Hongkong does not really have a lot of must-see sights – probably because it’s a very young city: only really started with possession by the British in the late 19th century, grew after the communist victory in the 1940s, and boomed with China’s return to the world stage of capitalism in the eighties.
Fun fact: The reason why Hongkong was handed back to China in 1997 was that most of the teritory had not been ceded to Britain, but “leased for 99 years” – which back then was probably considered the same as ceded in all practical terms – who would have thought in 1898 that the duration of the “lease” would actually matter?
Even today, Honkongers seem very pointedly to define themselves as not part of mainland China, in lots of little things like e.g. Whatsapp being the messenger of choice rather than WeChat, or major things like using traditional chinese characters rather than the simplified ones introduced by the communists.
But the really impressive skyscraper panorama is quite a sight, especially at night and seen from Kowloon (the other side of the harbor to Honkong island).
The other side of the harbor, seen from a so-called “star ferry” (like the one in the picture”) criss-crossing the harbor for a fee of exactly 2.7 HK dollars (abotu 30 eurocents – and yes, they do have special prices for seniors and children). One of those things every says is a must-do in hongkong, but honestly quite boring – you get much better skyline views from the Tsim Sha Tsui promenade on the kowloon side, and for actually crossing the harbor the subway is much faster.
And since lighting all the skyscrapers up statically is not enough, the whole skyline is combined each night for a gigantic light-and-sound show. Totally cheesy, and totally cool.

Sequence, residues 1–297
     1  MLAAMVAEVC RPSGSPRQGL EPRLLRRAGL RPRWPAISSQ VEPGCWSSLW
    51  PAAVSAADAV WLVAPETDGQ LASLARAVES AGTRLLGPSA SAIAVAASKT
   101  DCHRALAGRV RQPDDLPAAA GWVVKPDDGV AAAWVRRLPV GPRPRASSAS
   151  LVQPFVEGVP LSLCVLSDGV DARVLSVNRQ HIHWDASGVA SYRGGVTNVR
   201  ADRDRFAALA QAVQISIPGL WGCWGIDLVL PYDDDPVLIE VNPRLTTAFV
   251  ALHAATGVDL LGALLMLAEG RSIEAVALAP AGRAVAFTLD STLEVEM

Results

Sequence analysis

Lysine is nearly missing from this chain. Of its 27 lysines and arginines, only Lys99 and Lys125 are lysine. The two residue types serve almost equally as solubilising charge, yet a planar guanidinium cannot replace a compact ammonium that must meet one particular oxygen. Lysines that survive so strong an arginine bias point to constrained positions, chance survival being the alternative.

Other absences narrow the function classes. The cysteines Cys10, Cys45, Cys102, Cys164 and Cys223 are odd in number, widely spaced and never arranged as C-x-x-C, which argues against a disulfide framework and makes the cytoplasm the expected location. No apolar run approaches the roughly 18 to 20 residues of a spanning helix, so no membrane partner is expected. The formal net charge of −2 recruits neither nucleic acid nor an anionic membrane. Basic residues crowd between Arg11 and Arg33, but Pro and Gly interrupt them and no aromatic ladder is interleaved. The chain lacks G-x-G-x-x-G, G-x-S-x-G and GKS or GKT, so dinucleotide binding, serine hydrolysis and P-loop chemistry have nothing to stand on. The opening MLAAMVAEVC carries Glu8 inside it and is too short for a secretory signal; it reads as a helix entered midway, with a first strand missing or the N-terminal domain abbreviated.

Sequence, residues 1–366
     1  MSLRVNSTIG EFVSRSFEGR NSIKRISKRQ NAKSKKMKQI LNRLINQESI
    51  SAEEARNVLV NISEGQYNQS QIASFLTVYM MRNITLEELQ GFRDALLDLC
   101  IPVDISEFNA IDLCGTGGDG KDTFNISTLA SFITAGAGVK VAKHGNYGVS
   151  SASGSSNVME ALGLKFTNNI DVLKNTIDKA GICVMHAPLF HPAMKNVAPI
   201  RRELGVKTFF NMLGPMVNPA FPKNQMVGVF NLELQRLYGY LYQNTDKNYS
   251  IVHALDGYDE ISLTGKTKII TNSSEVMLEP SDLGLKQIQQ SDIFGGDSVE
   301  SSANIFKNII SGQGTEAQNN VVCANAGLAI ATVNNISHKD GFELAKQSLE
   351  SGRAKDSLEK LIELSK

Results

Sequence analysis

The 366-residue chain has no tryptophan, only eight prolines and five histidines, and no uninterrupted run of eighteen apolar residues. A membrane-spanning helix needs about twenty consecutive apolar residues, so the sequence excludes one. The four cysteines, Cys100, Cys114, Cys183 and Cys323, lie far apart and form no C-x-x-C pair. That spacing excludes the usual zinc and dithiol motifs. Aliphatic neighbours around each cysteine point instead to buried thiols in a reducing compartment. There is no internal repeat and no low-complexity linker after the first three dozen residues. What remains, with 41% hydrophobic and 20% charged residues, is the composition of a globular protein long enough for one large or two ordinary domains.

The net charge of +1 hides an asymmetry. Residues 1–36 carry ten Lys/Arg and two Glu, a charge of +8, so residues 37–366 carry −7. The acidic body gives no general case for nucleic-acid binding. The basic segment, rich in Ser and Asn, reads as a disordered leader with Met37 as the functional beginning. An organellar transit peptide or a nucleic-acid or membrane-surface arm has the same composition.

Again a case where a video is needed to do it justice, and already plentiful on youtube, like this one:
And yes, they do have red-sailed chinese-style boats sailing in front of the skyline just to look pretty – though those are of course tourist boats.
Your correspondent getting hungry – so off to the market areas for some food.
Most of which is, again, quite literally foreign.
With a heavy emphasis on all kinds of seafood, and especially very fresh seafood. Yes, these buckets are in front of a restaurant, and very much intended for you to pick out your dinner. Which, this time, I was not adventurous enough to do.
Snack stand? Looks good. And seems to be popular, so let’s try those meat-on-a-stick things they have.
The verdict: Chewy, not much inherent flavor, but not bad with a bit of soy sauce. No idea what it IS, though.
This was also originally fried on a stick, and then sold with some VERY spicy broth. Crispy, chewy, some kind of pork rinds maybe?
For desert, let’s pamper ourselves with something familiar: McDonald’s ice cream. Which happens to be purple and sweet-potato-flavored. Not my favorite.
And a local supermarket amusingly had a special section for Japanese snacks – i.e. exactly the things I had found in supermarkets in my previous temprorary “homeland”.
Found at the night market, among a milion other designs for Tshirts: A design for “github commits”…huh? So coding is cool and brag-worthy now?
Another hongkong cliche busted: It is NOT full of people selling rip-offs of expensive handbags and watches any more. Although if you do take more than 5 seconds to look at the genuine own-label watches on display, someone will inevitably whisper “copy watch?” in your ear, and a pushy salesguy will try to get you to come into a seedy-looking back lot.
On the main streets: LOTS of huge, bright billboards – and of course those are all high-res video screens.
And sometimes a curious mix of the brigh-and-shiny with the grimy-and-rundown.